“In view of a very challenging animal health situation, we suggest allowing vaccination in both parent and commercial flocks, including laying hens and turkeys,’ Victor Irza said.
According to the expert, the risk for the industry is relatively low. The vaccination hasn’t been introduced earlier due to complications that arise when a product is meant for export. “In light of the potential risk of field strains circulation, we would have to constantly demonstrate to the competent authorities of the importing countries the effectiveness of the surveillance procedures in vaccinated flocks. Constant maintenance of this status would be very complex, time-consuming work, that requires analysis of large amounts of biomaterials and sera. That used to be a deterrent. Now the global situation has changed. The panzootic has emerged. And trends in disease severity, development and spread across countries and continents remain unclear”, explained Victor Irza.
FGBI ARRIAH has already submitted its opinion to the Rosselkhoznadsor. Scientists don’t suggest overall vaccination of every commercial flock, but only in those, that suffered from avian influenza in 2020, and 2021. Moreover, vaccination is subject to close monitoring by regional animal health authorities. “Besides that, the cost of the vaccine should be covered by enterprises, not from the funds of the state budget, as it had been done at backyard farms”, the expert added.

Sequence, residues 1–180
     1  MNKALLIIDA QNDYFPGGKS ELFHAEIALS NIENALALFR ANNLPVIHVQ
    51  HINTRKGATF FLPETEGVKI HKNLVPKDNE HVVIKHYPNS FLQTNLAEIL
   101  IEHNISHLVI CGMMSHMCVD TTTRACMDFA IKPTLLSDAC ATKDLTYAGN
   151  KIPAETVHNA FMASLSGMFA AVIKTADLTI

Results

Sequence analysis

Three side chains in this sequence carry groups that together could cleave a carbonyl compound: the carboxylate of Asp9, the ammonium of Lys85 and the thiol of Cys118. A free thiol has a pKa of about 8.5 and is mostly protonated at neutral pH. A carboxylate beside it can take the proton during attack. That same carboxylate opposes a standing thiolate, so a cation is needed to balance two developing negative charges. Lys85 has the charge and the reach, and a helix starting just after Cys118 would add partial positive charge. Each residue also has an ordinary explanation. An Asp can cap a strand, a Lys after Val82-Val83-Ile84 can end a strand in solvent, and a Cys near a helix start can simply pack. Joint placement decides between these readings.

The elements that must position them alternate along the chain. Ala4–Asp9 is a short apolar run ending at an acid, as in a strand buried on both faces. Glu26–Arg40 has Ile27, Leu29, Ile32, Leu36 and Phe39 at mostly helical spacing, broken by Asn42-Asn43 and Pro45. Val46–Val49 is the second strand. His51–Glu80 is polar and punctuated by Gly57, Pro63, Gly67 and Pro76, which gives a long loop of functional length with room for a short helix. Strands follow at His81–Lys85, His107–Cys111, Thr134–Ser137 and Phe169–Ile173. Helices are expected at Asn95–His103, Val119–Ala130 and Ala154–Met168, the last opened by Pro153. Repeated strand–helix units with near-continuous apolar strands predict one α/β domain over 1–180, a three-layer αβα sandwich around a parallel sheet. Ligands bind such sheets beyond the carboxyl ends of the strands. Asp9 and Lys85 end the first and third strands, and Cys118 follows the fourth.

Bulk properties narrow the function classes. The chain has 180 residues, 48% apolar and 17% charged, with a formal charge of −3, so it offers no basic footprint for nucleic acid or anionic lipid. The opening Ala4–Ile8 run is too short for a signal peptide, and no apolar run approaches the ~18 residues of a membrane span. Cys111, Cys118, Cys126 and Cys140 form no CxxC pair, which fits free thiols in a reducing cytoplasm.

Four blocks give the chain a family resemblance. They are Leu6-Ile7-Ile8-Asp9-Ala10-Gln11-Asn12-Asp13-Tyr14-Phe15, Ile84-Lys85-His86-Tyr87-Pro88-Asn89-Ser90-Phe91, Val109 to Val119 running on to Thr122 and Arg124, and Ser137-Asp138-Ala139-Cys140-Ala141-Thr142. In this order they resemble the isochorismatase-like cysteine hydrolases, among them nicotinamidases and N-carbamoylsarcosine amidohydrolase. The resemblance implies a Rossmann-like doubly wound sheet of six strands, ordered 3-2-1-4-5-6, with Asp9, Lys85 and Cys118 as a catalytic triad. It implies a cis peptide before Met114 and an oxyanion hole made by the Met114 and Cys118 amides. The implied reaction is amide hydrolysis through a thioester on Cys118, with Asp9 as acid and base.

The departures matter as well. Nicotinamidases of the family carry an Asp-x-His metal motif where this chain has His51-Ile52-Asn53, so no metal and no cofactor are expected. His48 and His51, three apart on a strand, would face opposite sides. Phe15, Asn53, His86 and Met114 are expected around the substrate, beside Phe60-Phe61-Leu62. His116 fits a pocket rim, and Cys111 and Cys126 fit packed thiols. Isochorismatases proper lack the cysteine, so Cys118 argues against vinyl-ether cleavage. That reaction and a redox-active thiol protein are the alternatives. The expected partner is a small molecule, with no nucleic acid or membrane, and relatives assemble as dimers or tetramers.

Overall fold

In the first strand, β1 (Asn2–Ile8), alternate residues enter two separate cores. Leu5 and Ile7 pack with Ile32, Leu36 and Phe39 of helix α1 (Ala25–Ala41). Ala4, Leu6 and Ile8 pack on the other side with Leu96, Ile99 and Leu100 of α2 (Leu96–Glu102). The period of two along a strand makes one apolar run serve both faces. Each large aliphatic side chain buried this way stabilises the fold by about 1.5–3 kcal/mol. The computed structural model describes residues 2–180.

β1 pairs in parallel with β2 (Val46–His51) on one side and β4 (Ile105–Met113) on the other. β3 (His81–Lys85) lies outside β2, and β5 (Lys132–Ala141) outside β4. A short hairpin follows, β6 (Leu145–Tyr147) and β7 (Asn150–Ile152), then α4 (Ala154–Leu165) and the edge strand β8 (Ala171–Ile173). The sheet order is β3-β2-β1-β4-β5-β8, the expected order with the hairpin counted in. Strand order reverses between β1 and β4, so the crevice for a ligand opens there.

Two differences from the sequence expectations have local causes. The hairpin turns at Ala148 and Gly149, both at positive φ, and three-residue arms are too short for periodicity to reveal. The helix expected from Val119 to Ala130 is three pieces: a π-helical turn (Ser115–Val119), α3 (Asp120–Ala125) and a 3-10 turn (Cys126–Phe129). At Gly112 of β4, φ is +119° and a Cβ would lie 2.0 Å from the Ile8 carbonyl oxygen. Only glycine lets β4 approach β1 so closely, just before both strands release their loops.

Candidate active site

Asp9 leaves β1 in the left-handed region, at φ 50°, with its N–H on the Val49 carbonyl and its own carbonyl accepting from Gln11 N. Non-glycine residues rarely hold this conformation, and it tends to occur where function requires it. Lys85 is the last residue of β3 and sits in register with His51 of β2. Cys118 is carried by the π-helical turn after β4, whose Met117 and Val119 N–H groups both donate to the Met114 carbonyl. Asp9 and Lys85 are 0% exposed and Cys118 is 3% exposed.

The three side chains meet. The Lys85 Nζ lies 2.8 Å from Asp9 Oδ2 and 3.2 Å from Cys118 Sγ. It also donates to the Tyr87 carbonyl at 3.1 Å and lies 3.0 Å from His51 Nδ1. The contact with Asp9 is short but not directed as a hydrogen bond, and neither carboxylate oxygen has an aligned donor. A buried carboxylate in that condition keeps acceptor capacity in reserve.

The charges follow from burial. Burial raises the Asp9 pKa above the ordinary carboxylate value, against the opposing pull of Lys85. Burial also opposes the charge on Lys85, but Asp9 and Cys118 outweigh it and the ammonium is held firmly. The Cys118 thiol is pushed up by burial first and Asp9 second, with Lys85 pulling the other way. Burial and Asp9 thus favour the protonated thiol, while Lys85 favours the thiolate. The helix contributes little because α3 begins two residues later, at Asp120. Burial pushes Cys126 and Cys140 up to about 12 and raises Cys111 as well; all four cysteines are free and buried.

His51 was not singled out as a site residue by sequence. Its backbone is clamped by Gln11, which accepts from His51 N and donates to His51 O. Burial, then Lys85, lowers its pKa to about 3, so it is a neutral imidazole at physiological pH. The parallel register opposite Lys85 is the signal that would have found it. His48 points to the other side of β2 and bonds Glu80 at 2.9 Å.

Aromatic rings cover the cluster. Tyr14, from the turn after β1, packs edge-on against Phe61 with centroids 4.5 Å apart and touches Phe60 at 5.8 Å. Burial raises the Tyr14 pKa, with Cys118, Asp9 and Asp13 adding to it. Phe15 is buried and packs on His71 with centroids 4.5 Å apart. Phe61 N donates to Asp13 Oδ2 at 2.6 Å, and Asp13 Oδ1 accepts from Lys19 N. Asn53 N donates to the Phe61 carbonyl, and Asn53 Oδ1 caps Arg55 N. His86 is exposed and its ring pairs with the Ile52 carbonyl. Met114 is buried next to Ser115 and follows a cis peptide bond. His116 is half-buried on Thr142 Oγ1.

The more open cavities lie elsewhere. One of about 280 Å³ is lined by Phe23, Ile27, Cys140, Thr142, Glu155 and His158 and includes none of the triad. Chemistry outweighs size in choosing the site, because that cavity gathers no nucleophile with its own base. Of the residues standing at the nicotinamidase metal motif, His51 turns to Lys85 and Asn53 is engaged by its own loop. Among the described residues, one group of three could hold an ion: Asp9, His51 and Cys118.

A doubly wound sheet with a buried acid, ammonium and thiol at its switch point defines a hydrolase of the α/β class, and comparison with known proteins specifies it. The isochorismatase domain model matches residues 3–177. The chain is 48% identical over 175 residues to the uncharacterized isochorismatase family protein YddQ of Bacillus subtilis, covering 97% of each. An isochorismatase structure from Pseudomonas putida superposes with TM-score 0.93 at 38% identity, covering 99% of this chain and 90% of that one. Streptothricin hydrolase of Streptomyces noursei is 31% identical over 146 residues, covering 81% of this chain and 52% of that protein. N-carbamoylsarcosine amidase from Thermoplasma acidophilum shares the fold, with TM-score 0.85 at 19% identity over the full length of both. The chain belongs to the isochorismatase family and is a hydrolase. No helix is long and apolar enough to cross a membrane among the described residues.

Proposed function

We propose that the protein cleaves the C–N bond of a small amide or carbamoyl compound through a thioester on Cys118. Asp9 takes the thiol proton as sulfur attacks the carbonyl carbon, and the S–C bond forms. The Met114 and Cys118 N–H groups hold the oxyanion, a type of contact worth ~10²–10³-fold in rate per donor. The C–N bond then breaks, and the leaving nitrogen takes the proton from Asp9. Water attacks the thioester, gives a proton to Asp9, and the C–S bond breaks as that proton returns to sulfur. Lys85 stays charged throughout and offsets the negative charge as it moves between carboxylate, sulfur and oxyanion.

Reminder: vaccination against avian influenza is allowed only in backyard farms and free range poultry operations. Vaccination in commercial flocks is currently prohibited.
Earlier, the Russian Union of Poultry Producers (Rosptitsesoyuz) reached out to the Ministry of Agriculture, suggesting a review of the avian influenza vaccination strategy, and permission to be granted for parent flock vaccination in farms with the highest potential risk of outbreak.
As Mikhail Volkov, head of Laboratory for Epizootology and Monitoring of the Federal Center for Animal Health (FGBI “ARRIAH”) has earlier explained to V&L, one of the primary benefits of vaccination against highly pathogenic avian influenza is a minimized financial loss. Over the past year, HPAI outbreaks were confirmed in 22 regions of Russia and more than 6 million birds were destroyed. “Vaccination helps to maintain breeder and parent flocks, and minimizes food safety risks,” said Mikhail Volkov.
As V&L covered earlier, FGBI ARRIAH scientists are working on a vaccine against highly pathogenic avian influenza.